(Host) With very little debate, the Senate yesterday afternoon gave its preliminary approval to the state budget for the year. The vote on the bill was 19 to 8. The proposal increases state spending by roughly 5%.
VPR’s Bob Kinzel reports.
(Kinzel) A key to the Senate’s proposed budget for the 2003 fiscal year is a decision by the Senate to allocate more tax revenues than the House did to fund the programs of state government. The House supported a 36-cent increase in the cigarette tax, the Senate voted to raise this tax to 67 cents. The Senate also decided to block the passing through of federal tax cuts for corporations and it’s set to give its approval to a bill that raises nearly ten million dollars for a variety of government fees.
The Senate has used these additional revenues to increase the student block grant for education and to restore many of the cuts in the Medicaid program that were imposed by the House.
Senate Appropriations Chairwoman Susan Bartlett says the proposed budget reflects the concerns of many groups who testified in front of her committee:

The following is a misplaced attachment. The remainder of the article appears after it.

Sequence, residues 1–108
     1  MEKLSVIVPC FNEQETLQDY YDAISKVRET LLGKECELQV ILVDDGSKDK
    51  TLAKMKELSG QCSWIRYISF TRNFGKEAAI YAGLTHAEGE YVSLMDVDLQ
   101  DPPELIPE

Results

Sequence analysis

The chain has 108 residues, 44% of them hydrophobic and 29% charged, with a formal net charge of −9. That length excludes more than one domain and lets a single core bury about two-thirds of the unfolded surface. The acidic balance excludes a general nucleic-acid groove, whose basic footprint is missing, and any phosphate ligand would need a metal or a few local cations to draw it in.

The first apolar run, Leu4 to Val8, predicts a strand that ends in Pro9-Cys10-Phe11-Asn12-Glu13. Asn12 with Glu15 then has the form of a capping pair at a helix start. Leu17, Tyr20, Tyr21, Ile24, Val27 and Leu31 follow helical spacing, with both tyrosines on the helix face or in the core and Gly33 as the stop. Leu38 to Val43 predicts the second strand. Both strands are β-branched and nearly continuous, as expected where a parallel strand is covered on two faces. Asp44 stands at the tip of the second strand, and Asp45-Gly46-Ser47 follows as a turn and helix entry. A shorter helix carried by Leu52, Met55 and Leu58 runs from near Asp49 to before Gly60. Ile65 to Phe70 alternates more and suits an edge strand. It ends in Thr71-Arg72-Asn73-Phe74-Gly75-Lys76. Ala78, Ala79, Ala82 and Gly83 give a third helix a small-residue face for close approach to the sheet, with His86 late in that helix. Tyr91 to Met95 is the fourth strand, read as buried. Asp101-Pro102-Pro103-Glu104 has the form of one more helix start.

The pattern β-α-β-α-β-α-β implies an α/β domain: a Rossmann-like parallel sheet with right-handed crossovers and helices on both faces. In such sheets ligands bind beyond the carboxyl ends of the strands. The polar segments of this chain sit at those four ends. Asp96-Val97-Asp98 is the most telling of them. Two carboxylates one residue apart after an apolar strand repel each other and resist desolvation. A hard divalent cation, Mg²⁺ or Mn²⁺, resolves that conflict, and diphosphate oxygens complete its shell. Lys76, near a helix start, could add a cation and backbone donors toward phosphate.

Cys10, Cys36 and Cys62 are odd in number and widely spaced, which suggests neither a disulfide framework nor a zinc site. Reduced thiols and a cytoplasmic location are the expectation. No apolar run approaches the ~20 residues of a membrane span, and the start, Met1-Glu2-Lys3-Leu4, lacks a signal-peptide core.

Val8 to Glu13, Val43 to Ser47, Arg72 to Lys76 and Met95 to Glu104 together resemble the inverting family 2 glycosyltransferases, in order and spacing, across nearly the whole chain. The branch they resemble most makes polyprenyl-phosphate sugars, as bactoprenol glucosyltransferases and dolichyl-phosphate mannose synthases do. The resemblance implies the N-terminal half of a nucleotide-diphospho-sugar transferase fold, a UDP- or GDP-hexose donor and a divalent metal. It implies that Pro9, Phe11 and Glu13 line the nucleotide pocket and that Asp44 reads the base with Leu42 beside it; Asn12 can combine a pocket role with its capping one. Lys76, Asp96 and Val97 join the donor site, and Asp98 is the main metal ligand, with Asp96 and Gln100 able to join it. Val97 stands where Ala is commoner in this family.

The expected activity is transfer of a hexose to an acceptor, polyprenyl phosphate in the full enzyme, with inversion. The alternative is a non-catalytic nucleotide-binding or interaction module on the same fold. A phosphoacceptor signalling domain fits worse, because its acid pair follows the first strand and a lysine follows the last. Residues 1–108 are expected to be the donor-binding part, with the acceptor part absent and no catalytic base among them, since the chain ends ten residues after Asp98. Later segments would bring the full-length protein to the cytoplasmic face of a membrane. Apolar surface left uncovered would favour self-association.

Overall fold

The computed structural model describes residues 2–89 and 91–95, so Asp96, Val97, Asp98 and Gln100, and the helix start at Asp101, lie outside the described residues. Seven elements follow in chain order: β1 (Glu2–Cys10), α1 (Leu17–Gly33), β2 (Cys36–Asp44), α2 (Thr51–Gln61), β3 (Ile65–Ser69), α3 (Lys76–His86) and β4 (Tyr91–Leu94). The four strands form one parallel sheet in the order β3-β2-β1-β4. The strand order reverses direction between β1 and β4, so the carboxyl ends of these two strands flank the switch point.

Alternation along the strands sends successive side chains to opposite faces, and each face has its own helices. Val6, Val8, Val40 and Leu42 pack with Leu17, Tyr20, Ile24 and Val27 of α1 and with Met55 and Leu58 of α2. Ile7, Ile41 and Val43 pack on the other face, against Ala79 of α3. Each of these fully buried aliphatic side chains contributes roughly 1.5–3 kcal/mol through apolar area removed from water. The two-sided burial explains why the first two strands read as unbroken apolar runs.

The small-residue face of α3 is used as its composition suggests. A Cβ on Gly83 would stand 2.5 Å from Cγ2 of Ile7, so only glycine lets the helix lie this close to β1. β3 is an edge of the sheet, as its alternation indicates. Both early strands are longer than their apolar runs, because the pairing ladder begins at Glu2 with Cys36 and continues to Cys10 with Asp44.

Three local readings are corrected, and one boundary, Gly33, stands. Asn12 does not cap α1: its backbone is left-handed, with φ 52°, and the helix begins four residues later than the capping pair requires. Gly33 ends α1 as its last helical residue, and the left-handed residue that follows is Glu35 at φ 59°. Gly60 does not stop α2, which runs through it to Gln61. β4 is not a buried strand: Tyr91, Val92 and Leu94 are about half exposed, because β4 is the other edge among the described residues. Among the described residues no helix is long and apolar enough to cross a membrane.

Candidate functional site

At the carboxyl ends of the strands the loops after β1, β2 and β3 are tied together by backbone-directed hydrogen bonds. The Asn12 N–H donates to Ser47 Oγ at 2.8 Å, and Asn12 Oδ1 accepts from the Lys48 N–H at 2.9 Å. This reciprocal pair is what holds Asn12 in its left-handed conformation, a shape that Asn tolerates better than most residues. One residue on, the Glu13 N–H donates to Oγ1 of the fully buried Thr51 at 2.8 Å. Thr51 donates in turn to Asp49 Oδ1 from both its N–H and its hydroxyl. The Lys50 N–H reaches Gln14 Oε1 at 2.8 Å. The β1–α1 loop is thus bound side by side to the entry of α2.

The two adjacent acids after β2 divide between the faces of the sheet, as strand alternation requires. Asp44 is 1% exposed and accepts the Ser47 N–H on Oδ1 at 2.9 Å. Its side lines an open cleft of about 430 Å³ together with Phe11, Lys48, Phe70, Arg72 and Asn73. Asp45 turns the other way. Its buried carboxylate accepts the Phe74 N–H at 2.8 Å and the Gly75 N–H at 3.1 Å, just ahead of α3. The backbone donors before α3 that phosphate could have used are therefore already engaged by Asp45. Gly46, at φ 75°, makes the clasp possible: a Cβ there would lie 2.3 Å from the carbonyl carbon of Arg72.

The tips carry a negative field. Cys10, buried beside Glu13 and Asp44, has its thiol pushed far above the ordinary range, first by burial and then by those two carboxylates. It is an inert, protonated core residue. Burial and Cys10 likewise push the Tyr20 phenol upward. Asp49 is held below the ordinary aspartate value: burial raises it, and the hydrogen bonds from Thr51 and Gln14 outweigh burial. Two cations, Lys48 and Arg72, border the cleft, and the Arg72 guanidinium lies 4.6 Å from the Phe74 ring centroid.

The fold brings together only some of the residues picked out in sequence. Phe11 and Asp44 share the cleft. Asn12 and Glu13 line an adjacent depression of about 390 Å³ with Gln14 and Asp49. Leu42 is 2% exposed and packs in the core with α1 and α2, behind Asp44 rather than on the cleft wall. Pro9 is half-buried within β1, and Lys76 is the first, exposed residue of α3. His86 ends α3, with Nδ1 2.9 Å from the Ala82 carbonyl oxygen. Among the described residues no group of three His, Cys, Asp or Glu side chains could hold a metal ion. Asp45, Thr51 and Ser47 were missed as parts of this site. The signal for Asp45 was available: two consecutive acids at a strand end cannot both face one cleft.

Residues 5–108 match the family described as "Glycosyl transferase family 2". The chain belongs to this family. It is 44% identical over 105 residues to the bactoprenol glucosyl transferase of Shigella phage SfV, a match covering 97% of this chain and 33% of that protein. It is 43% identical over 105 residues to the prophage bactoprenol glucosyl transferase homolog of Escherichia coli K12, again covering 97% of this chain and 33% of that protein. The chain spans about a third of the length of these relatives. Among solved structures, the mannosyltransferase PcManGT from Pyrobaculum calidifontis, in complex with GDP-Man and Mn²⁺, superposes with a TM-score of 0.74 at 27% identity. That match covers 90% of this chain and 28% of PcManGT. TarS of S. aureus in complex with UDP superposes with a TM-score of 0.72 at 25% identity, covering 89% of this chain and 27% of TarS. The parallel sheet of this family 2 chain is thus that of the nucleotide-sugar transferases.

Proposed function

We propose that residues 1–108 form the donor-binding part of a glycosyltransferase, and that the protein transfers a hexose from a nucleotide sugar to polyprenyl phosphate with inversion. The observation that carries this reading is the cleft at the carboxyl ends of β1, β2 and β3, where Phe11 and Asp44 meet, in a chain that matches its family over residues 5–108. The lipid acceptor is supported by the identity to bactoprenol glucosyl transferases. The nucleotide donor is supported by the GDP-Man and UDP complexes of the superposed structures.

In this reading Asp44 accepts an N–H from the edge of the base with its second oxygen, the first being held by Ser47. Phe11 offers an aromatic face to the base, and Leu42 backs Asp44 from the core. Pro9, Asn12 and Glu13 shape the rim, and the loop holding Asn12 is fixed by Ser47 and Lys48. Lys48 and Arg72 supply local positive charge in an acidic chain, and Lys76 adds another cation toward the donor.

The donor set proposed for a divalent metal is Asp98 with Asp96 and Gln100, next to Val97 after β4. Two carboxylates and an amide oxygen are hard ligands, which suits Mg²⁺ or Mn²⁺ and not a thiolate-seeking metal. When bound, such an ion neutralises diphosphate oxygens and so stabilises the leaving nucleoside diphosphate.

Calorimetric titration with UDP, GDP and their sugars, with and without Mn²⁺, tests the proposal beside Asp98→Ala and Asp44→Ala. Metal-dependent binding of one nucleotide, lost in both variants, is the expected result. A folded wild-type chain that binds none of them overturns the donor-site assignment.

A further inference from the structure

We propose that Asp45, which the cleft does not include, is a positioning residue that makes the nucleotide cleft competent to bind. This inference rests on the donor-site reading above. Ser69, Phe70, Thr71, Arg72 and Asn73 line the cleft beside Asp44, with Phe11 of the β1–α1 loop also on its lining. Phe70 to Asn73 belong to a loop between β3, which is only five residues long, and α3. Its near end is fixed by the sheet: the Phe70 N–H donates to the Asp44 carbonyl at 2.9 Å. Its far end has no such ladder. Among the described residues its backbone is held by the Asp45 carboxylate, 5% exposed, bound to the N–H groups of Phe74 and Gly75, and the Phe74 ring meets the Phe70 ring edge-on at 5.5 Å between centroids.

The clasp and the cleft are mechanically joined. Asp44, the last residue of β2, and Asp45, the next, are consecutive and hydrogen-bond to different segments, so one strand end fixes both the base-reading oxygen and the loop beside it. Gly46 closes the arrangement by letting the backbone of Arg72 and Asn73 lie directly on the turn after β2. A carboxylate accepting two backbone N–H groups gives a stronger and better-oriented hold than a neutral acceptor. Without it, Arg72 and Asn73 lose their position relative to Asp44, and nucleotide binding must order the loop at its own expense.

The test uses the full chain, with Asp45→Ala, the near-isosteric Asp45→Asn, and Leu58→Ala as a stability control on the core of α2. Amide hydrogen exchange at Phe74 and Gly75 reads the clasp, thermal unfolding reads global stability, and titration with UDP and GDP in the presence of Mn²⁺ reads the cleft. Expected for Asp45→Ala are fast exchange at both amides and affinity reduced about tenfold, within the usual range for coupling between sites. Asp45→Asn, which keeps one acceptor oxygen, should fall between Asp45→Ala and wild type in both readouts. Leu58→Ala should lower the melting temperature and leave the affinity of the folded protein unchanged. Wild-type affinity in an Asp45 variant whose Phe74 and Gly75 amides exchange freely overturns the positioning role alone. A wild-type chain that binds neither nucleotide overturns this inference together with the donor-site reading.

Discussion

(Bartlett) “I believe that what your Senate Appropriations Committee has produced, Mr. President, is an honest budget that shows the needs of the state; that addresses the priorities of the people of this state; that we have all heard loudly and clearly from our constituents; and we have done so in a responsible sustainable manner.”
(Kinzel) Bartlett says her committee drafted the budget using several key goals:
(Bartlett) “The major one was to maintain as many services as possible for Vermonters through a lean time and not inflict unnecessary pain on folks. And in doing that we felt it was very important not to cost shift back onto our local communities. That’s why we funded the educational block grant at $14 million, that’s why we funded the transportation fund and the local roads program at $15 million, and that’s why we have not taken services away from our most vulnerable folks in the way of Medicaid services.”
(Kinzel) It’s likely that additional amendments to the budget will be considered when the Senate gives its final approval to the legislation later this week.
For Vermont Public Radio I’m Bob Kinzel in Montpelier.